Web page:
The Intensive Care Unit, The Peace, The Death of One Man and The Sparing of Another, and The Crocus

Signs of life in the Denver Desert

Signs of life in the Denver Desert (Photo credit: mandymooo)

Another hospital stay.  My sweet husband, lungs partially collapsed.  Again.  My sweet husband, unable to move his body on his own, talk, or breathe without technology.  Five days into the stay, things were not going well.  I had thought Jim would have been home by now, but his lung would not cooperate.  On this fifth day, something was different.  Jim looked deflated, sad, pale, and checked out.  His eyes were wide-eyed, crazed in a way, but in general, he was so out of it.  I began to worry, once again starting to think about our children and whether I was handling things alright.  Six years into this health hell, you would think I would have many things figured out, but of course, I do not.  Curveballs are constantly thrown our way.  Confusion about “why” is commonplace.  Dark thoughts creep in often enough.

On this fifth day, I had a phone message waiting on my cell phone.  When I had the opportunity, I listened.  It was a nice message, one from a minister at church who said he was thinking about Jim and me during this period of waiting.  Our years-in-waiting period.  As I listened more, it became evident that he did not know Jim was in the hospital.  I called him back and although it was late in the day, he picked up the phone.  I explained what was happening while holding back tears.  Still, I am sure he could hear it in my voice and asked if he could visit that night.

When he arrived, the room instantly calmed.  His broad smile stimulated a smile on Jim’s face.  His kind words soaked over us both and I felt a peace come over the room.  He spoke of the advent service at the church just hours prior and the reminder that Jesus is the light that came in the darkness.  He reminded us that God is present even in the desert, that rebirth is a promise, and that hope and faith will get you far.

As the minister was speaking, I could hear another patient’s monitor going off.  I looked up at the screen which he shared with Jim and I could see the patient’s heart rate, oxygen levels, and other vital statistics.  I knew this other patient was in trouble.  He had been struggling for several hours.  Then, the  beeping would stop.  The minister continued.  A few minutes later, I could faintly hear the “code blue” in the background.  I was not sure if the minister or Jim were aware.  We continued praying, talking, and peace was in the room with us.  Again, the patient’s vitals came and went and then again several minutes later the “code blue” alarm.  This continued back and forth as our visit went on.  I said nothing out loud, but prayed silently for the patient.  I didn’t want to cause anxiety in Jim, but wondered if he knew what was happening.  The monitors changed again, but this time, the flatline did not bounce back to the normal up and down of an EKG.  It stayed flat.  The numbers went to zero and my heart sank.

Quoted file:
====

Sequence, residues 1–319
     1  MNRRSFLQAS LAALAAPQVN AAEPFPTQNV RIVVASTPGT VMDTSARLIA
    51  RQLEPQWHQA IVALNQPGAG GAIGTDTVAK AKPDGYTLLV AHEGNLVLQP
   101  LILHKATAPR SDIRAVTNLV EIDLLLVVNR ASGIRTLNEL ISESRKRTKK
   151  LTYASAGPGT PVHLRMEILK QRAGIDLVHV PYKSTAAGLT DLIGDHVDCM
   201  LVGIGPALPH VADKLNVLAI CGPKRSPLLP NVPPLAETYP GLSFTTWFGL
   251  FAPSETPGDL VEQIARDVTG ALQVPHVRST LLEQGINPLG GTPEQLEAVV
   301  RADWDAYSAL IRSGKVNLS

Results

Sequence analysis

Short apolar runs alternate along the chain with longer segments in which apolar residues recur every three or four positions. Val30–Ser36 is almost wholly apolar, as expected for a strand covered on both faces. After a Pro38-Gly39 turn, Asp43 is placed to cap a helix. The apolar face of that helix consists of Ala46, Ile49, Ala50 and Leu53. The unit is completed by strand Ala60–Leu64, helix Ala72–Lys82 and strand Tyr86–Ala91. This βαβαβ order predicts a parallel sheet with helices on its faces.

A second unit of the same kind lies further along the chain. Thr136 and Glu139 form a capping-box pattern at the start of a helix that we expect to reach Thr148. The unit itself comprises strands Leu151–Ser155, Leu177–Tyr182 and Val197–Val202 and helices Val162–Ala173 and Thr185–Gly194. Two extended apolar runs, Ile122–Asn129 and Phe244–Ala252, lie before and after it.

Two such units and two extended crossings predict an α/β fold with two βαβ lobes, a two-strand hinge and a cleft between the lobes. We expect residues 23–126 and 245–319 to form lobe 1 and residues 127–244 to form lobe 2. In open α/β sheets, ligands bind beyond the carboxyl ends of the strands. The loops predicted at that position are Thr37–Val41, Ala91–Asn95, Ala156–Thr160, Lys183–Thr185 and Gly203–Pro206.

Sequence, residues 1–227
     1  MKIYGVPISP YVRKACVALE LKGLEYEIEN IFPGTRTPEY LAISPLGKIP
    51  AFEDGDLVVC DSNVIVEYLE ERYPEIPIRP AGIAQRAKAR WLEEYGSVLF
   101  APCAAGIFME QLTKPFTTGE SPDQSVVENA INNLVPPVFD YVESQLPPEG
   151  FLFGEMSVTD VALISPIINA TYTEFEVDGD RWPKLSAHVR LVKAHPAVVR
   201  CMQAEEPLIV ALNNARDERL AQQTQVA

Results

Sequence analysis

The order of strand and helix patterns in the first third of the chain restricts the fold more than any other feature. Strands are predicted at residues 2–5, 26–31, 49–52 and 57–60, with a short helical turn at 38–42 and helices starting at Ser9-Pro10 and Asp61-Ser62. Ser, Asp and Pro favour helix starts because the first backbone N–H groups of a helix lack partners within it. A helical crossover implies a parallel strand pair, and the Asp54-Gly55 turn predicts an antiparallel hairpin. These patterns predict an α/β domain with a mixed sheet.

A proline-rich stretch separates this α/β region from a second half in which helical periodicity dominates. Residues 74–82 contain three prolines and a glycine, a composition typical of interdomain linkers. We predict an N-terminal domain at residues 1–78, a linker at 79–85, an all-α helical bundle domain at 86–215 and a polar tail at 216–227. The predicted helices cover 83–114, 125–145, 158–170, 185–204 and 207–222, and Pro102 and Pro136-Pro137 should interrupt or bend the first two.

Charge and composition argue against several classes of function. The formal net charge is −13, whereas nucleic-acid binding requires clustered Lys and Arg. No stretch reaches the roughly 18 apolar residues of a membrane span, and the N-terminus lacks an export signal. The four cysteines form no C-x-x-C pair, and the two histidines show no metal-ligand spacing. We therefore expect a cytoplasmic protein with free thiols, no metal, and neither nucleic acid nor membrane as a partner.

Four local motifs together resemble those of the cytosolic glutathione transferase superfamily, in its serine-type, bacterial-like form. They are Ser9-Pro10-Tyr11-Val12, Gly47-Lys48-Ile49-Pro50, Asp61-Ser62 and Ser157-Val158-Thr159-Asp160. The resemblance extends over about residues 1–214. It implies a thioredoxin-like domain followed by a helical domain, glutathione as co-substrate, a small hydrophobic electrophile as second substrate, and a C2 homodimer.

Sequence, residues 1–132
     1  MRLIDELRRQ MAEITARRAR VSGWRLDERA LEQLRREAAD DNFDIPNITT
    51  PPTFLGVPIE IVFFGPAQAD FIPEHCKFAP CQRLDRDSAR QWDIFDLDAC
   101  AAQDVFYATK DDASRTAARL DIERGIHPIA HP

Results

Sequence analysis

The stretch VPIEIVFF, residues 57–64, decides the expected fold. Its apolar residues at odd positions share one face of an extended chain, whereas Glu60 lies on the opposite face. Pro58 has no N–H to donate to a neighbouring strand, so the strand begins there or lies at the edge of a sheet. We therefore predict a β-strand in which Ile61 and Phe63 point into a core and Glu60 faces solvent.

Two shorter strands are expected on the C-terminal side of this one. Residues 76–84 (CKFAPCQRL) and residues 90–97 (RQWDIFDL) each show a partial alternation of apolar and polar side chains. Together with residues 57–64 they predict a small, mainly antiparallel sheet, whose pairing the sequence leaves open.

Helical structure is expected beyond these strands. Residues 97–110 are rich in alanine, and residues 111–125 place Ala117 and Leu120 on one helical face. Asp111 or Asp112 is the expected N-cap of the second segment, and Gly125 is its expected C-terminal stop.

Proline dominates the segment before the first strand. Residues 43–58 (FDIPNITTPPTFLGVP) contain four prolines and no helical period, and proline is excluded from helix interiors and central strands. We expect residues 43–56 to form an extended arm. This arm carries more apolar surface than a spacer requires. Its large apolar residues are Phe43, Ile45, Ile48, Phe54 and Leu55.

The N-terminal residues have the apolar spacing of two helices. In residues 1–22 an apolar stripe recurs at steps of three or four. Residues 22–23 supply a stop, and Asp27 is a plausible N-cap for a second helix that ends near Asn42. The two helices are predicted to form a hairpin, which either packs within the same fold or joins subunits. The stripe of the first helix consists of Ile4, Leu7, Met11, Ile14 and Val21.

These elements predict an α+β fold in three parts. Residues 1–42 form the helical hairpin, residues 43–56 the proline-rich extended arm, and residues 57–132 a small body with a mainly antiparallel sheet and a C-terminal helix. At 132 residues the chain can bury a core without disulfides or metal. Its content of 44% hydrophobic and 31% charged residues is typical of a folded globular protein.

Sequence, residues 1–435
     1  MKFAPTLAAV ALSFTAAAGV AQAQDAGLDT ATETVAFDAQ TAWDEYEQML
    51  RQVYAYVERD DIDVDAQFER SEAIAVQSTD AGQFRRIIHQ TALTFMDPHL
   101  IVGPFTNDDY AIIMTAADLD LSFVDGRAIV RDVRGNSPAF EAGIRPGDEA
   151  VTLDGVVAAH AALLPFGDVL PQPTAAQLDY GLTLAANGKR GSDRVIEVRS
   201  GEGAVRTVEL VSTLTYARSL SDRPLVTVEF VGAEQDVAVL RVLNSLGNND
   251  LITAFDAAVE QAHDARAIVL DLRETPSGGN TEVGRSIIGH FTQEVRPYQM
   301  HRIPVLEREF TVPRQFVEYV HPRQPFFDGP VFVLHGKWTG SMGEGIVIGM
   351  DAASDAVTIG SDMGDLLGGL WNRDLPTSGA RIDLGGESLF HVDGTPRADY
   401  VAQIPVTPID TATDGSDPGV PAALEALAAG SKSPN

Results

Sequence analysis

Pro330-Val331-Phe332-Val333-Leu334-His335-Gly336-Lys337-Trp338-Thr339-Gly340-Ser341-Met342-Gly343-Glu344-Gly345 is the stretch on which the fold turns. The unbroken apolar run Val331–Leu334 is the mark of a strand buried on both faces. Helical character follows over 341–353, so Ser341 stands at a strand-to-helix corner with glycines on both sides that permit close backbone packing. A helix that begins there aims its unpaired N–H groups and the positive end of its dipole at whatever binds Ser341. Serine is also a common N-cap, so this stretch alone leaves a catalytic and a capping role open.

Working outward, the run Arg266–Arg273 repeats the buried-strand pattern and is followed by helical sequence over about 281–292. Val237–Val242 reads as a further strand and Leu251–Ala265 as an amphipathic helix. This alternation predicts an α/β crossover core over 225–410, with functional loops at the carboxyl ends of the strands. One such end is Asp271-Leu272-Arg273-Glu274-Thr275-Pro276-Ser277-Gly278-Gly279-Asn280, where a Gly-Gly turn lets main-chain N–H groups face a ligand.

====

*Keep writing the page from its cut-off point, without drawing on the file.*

A few things struck me.  First, there was a peace in Jim’s room regardless of the stirring going on around us.  Second, I was struck that in one room a patient died and in my room, my husband was spared.  Third, I was reminded that this was the second time this event happened – a death in the ICU directly in the room next to my husband’s room (on the hospital visit prior to this one).  Fourth, I am left to ponder the “why” of it all.

I do not pretend that I will ever understand this, but I do know there is not a coincidence in these events.  Instead, I take these signs as a message from God that He is present, He is all-powerful, and that His will is it.  There must be a plan and ultimately good to come from Jim’s story, presence, and life.  He suffers so, but his perseverance is inspiring.  Jim teaches me much, reminds me of so many blessings we have, and helps us focus on that which is important in life.

The minister read to us a passage from Isaiah 35: 1-2 (NIV), that is telling:

The desert and the parched land will be glad;
the wilderness will rejoice and blossom.
Like the crocus, it will burst into bloom;
it will rejoice greatly and shout for joy.
The glory of Lebanon will be given to it,
the splendor of Carmel and Sharon;
they will see the glory of the Lord,
the splendor of our God.


6 responses to this post.

  1. Posted by Mary Busch on December 20, 2013 at 1:16 pm

    So beautifully expressed, Erica. I am so glad you were able to find peace in the middle of the chaos that surrounded you. Yours and Jim’s strength and faith stand as an inspiration to so many of us. God Bless.


  2. Posted by Maria on December 20, 2013 at 3:36 pm

    Erica-I am so grateful that the minister heard your voice on the phone and came to visit! You needed that visit! I wish there was something I could do for you…thinking and praying for all 4 of you this holiday season. Love you, Maria


  3. I am so sorry for Jim’s ongoing health problems, Erica. This post is such a good reminder that the Prince of Peace can bring peace in the most difficult situations. God bless you and your family this Christmas season. I will keep Jim in my prayers.


  4. Posted by Susan on December 21, 2013 at 2:53 am

    Beautifully written! I am glad that you and Jim can see God in the midst of this difficult time. Jim wouldn’t remember me but I remember him. Years ago we used to line up at recital to present flowers to our dancers. We often ended up in line with him as we have and an “A” last name and his is “B”. He was there for his sister and niece and we were there for my daughter (and me since I also danced with JIm’s sister). We would laugh and chat as we waited our turn. I will keep you all in my prayers.


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